(COLLEGE STATION, TX) — Opened in 1977 and still the youngest medical school in the state, the Texas A&M Health Science Center College of Medicine will celebrate its 30th anniversary Friday and Saturday, July 27-28, with a variety of events that include a time capsule sealing, class reunions and white coat ceremony.

Festivities begin Friday at 5 p.m. with the sealing of a time capsule, followed by a casual, family-friendly dinner and visit from Reveille, the Texas A&M University mascot and “First Lady of Aggieland.” Bill Bertrand and the Country Magic Band will provide entertainment. Christopher C. Colenda, M.D., M.P.H., Jean and Thomas McMullin Dean of Medicine, will give the welcome in the courtyard of the Joe H. Reynolds Medical Building on the West Campus of Texas A&M University. Admission for HSC-COM faculty, staff, alumni and students is free, but tickets are required.

Saturday begins with a white coat ceremony for incoming medical students to signify the beginning of their medical education. Randall J. Urban, M.D., Class of ’82 and chairman of internal medicine at The University of Texas Medical Branch, is featured speaker at 10 a.m. at the Thomas R. Frymire Auditorium in the Leonore and Walter Annenberg Presidential Conference Center in the George Bush Library Complex. A reception follows in the conference center lobby.

Also Saturday, a reception from 5:30-7 p.m. in the George Bush Library Complex rotunda precedes the 30th anniversary celebration and reunion dinner from 7-9 p.m. at the Annenberg Presidential Conference Center. U.S. Rep. Chet Edwards, D-Waco, is keynote speaker. The Class of 1982 will be honored for its 25th reunion, along with the classes of 1987, 1992, 1997 and 2002. Dinner is $80, and reservations are required.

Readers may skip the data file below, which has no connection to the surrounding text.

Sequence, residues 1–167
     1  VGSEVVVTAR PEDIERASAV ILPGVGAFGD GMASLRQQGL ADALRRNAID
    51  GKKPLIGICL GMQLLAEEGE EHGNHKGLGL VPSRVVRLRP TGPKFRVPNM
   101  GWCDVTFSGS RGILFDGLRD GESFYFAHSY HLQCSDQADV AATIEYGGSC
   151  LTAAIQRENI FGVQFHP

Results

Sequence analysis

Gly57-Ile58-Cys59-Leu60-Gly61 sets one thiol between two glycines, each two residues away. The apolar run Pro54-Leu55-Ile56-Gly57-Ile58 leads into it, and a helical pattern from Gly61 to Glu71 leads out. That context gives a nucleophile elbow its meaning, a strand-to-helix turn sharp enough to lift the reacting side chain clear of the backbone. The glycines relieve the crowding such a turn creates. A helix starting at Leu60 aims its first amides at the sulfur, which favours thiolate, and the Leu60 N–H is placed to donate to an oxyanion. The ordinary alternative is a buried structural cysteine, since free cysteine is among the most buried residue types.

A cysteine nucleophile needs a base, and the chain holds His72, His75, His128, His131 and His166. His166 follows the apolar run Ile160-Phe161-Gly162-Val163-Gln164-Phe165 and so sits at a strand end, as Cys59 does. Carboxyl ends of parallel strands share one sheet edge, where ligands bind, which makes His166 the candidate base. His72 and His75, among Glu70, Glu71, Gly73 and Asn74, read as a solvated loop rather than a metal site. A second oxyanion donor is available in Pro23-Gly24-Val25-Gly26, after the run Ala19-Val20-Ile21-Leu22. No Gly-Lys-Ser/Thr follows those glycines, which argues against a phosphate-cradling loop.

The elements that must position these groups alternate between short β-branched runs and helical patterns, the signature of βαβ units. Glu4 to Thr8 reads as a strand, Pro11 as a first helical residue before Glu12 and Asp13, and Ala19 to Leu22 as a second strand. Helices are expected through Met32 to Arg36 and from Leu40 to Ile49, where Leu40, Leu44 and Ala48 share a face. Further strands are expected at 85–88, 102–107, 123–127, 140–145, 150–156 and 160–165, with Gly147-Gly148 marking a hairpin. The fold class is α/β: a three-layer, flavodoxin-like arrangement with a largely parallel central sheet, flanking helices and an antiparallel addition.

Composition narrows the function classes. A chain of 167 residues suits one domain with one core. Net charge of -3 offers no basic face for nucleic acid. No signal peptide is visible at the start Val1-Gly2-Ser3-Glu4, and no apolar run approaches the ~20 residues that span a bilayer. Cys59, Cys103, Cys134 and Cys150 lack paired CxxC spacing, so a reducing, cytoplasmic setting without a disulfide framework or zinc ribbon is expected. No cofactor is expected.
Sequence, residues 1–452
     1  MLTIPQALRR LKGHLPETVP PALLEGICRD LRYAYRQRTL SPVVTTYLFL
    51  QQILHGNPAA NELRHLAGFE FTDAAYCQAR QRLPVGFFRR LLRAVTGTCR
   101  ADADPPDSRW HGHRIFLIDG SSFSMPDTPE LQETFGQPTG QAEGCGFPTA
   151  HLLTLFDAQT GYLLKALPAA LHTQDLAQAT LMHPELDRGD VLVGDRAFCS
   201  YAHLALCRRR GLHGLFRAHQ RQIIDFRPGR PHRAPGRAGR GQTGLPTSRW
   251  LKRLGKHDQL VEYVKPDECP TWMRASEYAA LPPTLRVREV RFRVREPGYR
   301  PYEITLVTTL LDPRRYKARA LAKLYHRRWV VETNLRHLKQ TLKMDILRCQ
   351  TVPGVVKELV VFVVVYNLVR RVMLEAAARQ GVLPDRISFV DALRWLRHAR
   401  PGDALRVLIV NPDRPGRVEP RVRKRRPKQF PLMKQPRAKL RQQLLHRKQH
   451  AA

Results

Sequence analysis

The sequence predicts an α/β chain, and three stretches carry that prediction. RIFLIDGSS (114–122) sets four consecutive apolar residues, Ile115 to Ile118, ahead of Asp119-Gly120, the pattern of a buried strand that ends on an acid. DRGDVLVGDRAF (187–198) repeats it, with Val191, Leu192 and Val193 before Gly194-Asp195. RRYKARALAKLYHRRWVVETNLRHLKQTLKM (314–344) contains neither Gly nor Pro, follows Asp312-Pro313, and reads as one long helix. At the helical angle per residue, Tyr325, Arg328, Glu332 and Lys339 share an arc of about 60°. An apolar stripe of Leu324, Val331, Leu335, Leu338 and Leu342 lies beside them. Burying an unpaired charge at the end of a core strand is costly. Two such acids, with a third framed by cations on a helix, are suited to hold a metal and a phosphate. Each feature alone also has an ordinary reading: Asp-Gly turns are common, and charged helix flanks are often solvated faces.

Members of the 1977 charter class of 32 students received their Doctor of Medicine (M.D.) degrees through Texas A&M University in 1981. Two years later, the College of Medicine moved into the new Reynolds Medical Building, followed by the adjacent Medical Sciences Library.

In 1999, the College of Medicine joined the newly created Texas A&M Health Science Center and, to date, more than 1,300 physicians have earned the distinction of becoming “Aggie Docs.” The HSC-COM occupies facilities in College Station and the Scott & White campus in Temple, currently accepting 100 medical and 15-20 graduate students per academic year.

Following approved plans to incrementally increase the medical class size to 200 students, the HSC-COM will accept 135 students to begin their studies next fall. There also will be a new two-year clinical campus in Round Rock to complement full four-year programs in both College Station and Temple.

This month, the Class of 2011 will begin its studies with 100 M.D. and five M.D./Ph.D. students coming to the Bryan-College Station and Temple campuses, the largest group of incoming students to date.

The Texas A&M Health Science Center provides the state with health education, outreach and research. Its six components located in communities throughout Texas are Baylor College of Dentistry, the College of Medicine, the Graduate School of Biomedical Sciences, the Institute of Biosciences and Technology, the Irma Lerma Rangel College of Pharmacy, and the School of Rural Public Health.

— Marketing & Communications